by Diane Rockall
In a ceremony held on May 16 at the Michigan Historical Library, SHS senior Chloe Miner became one of four students statewide to win the Michigan Breaking Traditions 2019 Excellence Award. All told, 91 high school and college students were recognized for overcoming obstacles and stereotypes to succeed in career and technical education (CTE) programs. Miner and three other students received 2019 Excellence Awards; 87 students received 2019 Merit Awards.
Karl Heidrich, Superintendent of Stockbridge Schools, was among the first to receive notification from MDE and was pleased to pass on the good news. “This was sent from MDE today,” he wrote to SCN. “Chloe Miner is a Stockbridge 12th-grade student and won this award. The only student in Ingham County!”
“Building talent is a priority in Michigan so it’s important that we recognize students who overcome perceived barriers and the programs that helped them,” Interim State Superintendent Sheila Alles said. “These 91 students achieved success in career and technical education programs that are nontraditional in their gender, and therefore are role models for peers who may be considering such a career path.”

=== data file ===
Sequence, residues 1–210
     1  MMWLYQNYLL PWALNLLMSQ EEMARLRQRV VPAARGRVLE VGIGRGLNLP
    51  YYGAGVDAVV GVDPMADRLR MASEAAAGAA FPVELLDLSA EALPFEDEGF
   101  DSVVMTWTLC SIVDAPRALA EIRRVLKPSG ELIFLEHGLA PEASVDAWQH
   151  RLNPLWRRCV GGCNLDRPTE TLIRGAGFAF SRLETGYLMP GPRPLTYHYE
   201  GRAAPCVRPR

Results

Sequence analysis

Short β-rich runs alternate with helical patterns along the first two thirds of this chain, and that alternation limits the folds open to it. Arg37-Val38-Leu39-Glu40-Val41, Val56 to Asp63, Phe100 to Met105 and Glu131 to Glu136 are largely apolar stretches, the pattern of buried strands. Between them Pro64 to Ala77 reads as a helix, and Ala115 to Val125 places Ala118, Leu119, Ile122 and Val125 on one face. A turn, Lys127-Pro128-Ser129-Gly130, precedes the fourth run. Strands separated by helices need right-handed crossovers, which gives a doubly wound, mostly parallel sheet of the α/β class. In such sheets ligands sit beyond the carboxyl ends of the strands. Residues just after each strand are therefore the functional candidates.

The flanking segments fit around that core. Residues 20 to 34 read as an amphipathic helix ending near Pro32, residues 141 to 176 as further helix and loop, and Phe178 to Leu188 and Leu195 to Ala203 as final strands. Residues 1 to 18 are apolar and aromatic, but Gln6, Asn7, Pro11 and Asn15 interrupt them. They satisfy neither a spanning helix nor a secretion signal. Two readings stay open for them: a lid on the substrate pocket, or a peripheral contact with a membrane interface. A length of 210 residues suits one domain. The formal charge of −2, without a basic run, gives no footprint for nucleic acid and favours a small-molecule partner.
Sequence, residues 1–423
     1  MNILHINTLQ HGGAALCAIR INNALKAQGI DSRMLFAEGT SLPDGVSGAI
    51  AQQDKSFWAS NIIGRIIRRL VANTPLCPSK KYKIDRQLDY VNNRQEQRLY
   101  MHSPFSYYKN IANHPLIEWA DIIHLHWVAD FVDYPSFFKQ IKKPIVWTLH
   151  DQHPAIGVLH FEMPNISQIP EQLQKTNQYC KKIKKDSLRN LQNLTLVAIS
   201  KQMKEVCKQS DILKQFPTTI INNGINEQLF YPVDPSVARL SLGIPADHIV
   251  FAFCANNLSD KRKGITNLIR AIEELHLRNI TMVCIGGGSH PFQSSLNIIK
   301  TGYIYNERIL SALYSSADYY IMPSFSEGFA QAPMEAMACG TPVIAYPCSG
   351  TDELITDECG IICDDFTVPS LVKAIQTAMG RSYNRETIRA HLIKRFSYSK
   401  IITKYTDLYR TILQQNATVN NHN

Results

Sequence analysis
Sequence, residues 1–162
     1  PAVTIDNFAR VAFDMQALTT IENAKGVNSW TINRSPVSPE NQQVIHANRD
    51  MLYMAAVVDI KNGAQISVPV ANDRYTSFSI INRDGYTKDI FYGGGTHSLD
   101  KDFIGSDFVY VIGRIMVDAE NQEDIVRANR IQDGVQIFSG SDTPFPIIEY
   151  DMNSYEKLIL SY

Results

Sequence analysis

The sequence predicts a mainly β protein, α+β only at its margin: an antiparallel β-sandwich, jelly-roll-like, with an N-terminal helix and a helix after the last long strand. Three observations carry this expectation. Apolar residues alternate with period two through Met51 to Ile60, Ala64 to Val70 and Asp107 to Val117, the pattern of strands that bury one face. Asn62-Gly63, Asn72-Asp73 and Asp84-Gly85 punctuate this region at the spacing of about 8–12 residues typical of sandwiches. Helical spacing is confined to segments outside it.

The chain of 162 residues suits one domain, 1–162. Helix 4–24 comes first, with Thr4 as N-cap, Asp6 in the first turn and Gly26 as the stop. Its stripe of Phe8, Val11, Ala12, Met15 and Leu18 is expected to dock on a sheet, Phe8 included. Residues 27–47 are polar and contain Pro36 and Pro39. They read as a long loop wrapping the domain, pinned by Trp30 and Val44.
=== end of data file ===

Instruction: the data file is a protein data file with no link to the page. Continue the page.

Miner was recognized for her achievements at the Wilson Talent Center’s Aviation Academy. She said the reason why aviation is part of the non-traditional programs for females “is because female pilots only make up 7% of the whole pilot community.”
She was surprised to learn she had won. “I am deeply honored to have been awarded the Breaking Traditions Excellence Award. It means a lot to me because everyone who has applied for it is a hardworking student who also deserves the award. I am honored to have been chosen and am beyond thankful.”
In order to be considered for the award, nominees must complete a CTE program nontraditional to their gender; enroll in a Michigan high school or career center program during the 2018-19 year; be nominated by a staffer employed by the student’s school or career center; have satisfactory academic standing, acceptable citizenship, and disciplinary history; and contribute to awareness of nontraditional careers.
“I was shocked that I won,” Miner said, “because I was competing with every female and male from the state of Michigan who has also applied for this award and also put a lot of hard work into it.”